Here then is a vision that involves Satan but the whole thing is very symbolic. What is the background? Zechariah was a prophet of the restoration after Israel came back from the Babylonian captivity (Ezra 5:1) when Joshua was the high priest (Ezra 4:4). The goal was to rebuild the temple, but it ran into opposition from their adversaries (Ezra 4:1). The Satan in the vision then represents the adversaries, namely Rehum and Shimshai, who wrote a letter “against Jerusalem” (Ezra 4:8 cp. Zech. 3:2). The “accusation” they would bring in Ezra 4:7 is a form of the word “satan”. The Ezra account never describes a fallen angel but gives us the reality of the adversaries of Joshua and Jerusalem while the prophecy of Zechariah gives us the symbolic representation of these men as a plaintiff in a court.

The Purpose of the Jesus’ Wilderness Vision

The vision given by the Spirit to Jesus in the wilderness provides a similar motif. The temptations are symbolic of what is to come in Jesus’ life. The Satan represents his adversaries. The real temptations would occur in his years of ministry.

His adversaries would mainly be the Pharisees and Sadducees. Notice how they seek a sign from Jesus in Matthew 16:1 just like the devil in the temptation. Likewise, they would try to catch him in his words in Luke 11:53-54,

"And as he said these things unto them, the scribes and the Pharisees began to urge him vehemently, and to provoke him to speak of many things: Laying wait for him, and seeking to catch something out of his mouth, that they might accuse him."

The adversaries or Satans would come in many other ways

  • The Herodians who tried to subtly trick him as in Mat. 22:15-16.

  • A lawyer who tempted him in Mat. 22:35.

  • Jesus called Peter a Satan because he was acting as an adversary (Mat. 16:23 cp. Luke 4:8).

  • The people who try to make him king in John 6:15 after a miracle concerning bread! This is just like two of the wilderness temptations involving bread and rulership.

  • Those who try and throw Jesus off a cliff (Luke 4:29) is the same temptation in the wilderness to throw himself down from the pinnacle (Luke 4:9).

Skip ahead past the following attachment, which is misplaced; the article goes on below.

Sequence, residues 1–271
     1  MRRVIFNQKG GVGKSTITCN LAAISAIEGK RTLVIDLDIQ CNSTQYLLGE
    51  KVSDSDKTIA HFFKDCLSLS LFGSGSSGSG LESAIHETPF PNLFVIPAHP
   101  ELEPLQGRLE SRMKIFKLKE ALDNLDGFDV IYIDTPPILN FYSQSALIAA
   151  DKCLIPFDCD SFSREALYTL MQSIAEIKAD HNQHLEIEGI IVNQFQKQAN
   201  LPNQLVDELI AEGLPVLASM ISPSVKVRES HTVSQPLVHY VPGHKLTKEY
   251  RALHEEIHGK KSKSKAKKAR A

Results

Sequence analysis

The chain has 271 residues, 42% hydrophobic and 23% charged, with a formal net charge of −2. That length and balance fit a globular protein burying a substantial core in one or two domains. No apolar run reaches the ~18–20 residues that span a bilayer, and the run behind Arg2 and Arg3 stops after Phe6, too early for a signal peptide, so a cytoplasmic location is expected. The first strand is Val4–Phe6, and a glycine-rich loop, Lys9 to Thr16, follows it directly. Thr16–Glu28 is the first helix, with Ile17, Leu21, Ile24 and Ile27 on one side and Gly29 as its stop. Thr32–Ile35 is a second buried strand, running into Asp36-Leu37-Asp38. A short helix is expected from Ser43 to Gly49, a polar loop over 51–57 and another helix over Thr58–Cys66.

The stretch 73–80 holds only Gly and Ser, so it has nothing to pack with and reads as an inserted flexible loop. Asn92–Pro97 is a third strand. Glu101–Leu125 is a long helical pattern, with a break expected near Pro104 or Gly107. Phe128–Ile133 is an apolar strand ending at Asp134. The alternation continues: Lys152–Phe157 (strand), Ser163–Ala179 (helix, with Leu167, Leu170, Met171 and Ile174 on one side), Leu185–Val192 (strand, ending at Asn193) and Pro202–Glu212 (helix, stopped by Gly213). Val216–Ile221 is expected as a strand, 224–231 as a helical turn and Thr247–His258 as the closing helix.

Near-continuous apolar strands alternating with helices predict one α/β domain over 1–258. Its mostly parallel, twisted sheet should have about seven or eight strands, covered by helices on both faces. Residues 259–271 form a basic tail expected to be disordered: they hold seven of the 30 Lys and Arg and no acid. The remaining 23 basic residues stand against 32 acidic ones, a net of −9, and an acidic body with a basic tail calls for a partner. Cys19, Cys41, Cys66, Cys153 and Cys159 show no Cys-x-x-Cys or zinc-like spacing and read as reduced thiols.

• Judas who Jesus called “a devil” (John 6:70) was influenced by the adversaries of Jesus to betray him (Luke 22:2-3, 31).

  • The chief priest was Jesus’ chief Satan and prince of this word. At the crucifixion he said, “if thou be the Son of God, come down from the cross” (Mt 27:40) which is a remarkable parallel with the temptation.

Never in the record does Jesus combat on an immortal sinful angel.

The reason the Spirit drove Jesus into the wilderness was to strengthen him by a vision to overcome the trials and temptations in his life. This is why he returned from the wilderness “in the power and the Spirit” (Luke 4:14). He had been given a vision of his triumph over the enemy through the power of the word. It would have invigorated him to see it! It was to help him to overcome what would be the real battle ground for his victory over sin.

Parallels with the Transfiguration

The transfiguration was another time that Jesus was given a vision. Jesus specifically told his disciples to “tell the vision to no man” until after his resurrection (Mat. 17:9). It was a vision of the kingdom and the power of Jesus’ coming (cp. Mt. 16:28 with 2 Pet. 1:16-18).

It is not surprising to see many parallels between the temptation and the transfiguration.

  • “This is my beloved Son” is said twice in the gospels. Once before the temptation (Mt. 3:17) and once during the transfiguration (Lu. 9:35).

  • Moses and Elijah were in the transfiguration and they both had 40 days of fasting in solitude (Ex. 34:28; Deut. 9:7-9, 18; 1 Kings 19:8,11) on a mountain like Jesus (Matt. 4:2; Luke 4:2).

  • The term “Get thee behind me, Satan” is used just before the transfiguration with Peter (Mt. 16:23; Mk. 8:33) and in the temptation (Mt. 4:10; Luke 4:8).

  • A “high mountain” is involved in the transfiguration (Mt. 17:1 cp. Mt. 4:8). The devil “taketh” (paralambano) Jesus into a high mountain in the temptation but in the transfiguration Jesus “taketh” (paralambano) his closest disciples into a high mountain.

Why then was there a transfiguration vision? The answer is in Luke 9:30-31,

“And, behold, there talked with him two men, which were Moses and Elias: Who appeared in glory, and spake of his decease which he should accomplish at Jerusalem.”

It was to strengthen him to endure through the sufferings of the cross. Moses and Elijah were similar characters who endured through all the sins of Israel to overcome. They were uniquely situated to provide that encouragement to Jesus to accomplish the work he was sent to do.

Therefore, we have two visions given to Jesus in the record. The first in the wilderness was to strengthen him through his temptations. The second was to encourage him to be the sacrifice for the sins of the world.


In all of this we are to see that Jesus’ temptation in the wilderness was a vision. It represented the temptations of his whole life. The Satan therefore is symbolic of his adversaries. This fits in with the whole Bible picture of how the term Satan is used in different ways but never of an angelic being that is in rebellion against God and causing evil.


[1] It is more than interesting that the Hebrew name “Joshua” is the same as the Greek name “Jesus”.

[2] Compare Psa. 109:6 where the Hebrew parallelism equates Satan at the right hand to a wicked man (not a fallen angel).